Public Faces

I first became aware of the Saatchi/Nigella Lawson photos at the beginning of the week via a retweet from the “fleetstreetfox” Twitter page:

A scroll down the original page revealed this:

Fleet Street Fox tries heroically to put a noble face on tabloid prurience, but it strikes me that the anonymous photographer had several options besides photographing her in distress and then selling the pictures to a tabloid newspaper. He might have intervened in her defence and discretely offered to help her access support. If he was feeling less brave, he could have called the police and left the professionals to offer whatever help they could. He, apparently, did neither of those things despite watching the scene for nearly half an hour. Not incidentally, the options that would have allowed Ms Lawson to access whatever support she needed, while allowing her to make decisions about how she wanted to pursue the matter, including whether she wanted to be publically identified as a victim of domestic violence, were rejected in favour of the option that would turn a profit.

Fleet Street Fox ends on a self pitying note:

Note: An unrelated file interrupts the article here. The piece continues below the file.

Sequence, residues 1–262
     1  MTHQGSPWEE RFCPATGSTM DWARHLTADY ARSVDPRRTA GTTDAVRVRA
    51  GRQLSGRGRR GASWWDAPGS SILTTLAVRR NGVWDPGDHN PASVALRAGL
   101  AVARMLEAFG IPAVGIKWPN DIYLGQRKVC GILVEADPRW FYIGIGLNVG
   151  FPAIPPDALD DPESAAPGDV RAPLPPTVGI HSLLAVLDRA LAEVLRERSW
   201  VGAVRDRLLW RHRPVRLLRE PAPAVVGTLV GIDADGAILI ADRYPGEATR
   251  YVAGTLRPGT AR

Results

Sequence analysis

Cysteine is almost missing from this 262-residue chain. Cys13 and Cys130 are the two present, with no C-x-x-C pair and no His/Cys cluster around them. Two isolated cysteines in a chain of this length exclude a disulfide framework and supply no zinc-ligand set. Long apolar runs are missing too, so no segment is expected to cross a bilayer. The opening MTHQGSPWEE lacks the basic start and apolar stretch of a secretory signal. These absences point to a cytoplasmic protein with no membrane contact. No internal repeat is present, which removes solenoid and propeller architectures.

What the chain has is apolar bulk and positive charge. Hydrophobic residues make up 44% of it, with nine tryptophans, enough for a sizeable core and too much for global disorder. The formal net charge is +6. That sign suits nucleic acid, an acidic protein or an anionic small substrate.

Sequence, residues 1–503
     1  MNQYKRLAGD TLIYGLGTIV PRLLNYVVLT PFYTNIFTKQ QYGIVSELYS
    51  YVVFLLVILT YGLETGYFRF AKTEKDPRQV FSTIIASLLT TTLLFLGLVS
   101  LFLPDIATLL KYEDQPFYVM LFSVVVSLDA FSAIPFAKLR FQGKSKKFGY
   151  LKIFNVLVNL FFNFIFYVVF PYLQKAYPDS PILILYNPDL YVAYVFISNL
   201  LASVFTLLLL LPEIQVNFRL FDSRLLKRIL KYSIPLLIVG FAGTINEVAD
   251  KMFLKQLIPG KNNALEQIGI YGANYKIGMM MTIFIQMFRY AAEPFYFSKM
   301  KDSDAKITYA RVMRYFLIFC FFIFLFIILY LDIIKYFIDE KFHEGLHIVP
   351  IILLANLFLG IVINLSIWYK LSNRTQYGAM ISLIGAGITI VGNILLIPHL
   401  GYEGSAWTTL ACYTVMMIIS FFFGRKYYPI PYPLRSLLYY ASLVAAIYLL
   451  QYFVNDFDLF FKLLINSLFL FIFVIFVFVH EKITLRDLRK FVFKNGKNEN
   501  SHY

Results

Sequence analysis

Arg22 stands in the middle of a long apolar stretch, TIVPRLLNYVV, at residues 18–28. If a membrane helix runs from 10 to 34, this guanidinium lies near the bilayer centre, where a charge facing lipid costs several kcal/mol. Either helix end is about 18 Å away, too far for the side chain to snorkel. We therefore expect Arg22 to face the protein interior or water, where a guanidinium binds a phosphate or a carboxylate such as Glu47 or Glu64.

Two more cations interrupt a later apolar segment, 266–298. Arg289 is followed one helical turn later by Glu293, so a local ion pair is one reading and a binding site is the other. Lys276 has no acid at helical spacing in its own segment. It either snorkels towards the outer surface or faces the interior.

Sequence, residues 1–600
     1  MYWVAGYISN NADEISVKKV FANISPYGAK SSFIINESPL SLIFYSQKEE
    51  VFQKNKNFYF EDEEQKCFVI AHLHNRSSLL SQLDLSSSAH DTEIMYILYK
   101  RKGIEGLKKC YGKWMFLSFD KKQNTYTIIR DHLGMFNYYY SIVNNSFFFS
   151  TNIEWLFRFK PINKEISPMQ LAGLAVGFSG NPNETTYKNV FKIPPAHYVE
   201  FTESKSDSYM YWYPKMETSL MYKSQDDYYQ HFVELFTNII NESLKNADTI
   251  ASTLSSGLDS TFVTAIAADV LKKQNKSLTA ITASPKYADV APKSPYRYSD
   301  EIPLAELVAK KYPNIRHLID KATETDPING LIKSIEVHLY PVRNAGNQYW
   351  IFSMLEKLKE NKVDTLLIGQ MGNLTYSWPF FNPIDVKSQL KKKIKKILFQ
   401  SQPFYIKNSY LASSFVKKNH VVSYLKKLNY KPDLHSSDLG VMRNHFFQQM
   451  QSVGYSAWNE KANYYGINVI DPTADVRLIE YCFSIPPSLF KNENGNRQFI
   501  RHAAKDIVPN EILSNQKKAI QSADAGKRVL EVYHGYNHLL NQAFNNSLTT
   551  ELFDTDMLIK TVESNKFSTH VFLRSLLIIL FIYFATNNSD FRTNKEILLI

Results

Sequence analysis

This exemplifies the ability of tabloid journalists to clothe themselves in self righteousness while claiming entitlement to anything they can point a long lens at and monetize. What’s been lost in all of this, even as we reach the end of the week with the Lawson/Saatchi story still claiming a significant chunk of the comment pages, and eliciting comment from national politicians, is that Nigella Lawson isn’t an insentient icon, a placeholder for domestic violence victims everywhere, but a real woman who is now living out the painful decision to leave a ten year long relationship under the glare of, potentially hostile, public scrutiny.

One suspects that all this moral posturing won’t be the tipping point against the multifaceted problem of domestic abuse in this country. It’s reminiscent of the infamous Rihanna pictures that were unlawfully leaked by sources within the LAPD. In spite of Chris Brown becoming a hate figure in some circles, his career has continued largely unhindered, and the whole saga has been co-opted into the entertainment industry pantomime with him starring as the villain. And, as that case reminds us, being a public victim of domestic violence isn’t always a safe or comforting role to take. Her actions were scrutinised as much as his and she’s become the butt of the jokes, along with him.

The tabloid and broadsheet press have turned Nigella Lawson into the public face of domestic violence. That was never their decision to make.



I’m a graduate in my mid twenties with opinions to share on most things, some more informed than others, ready to give blogging a whirl.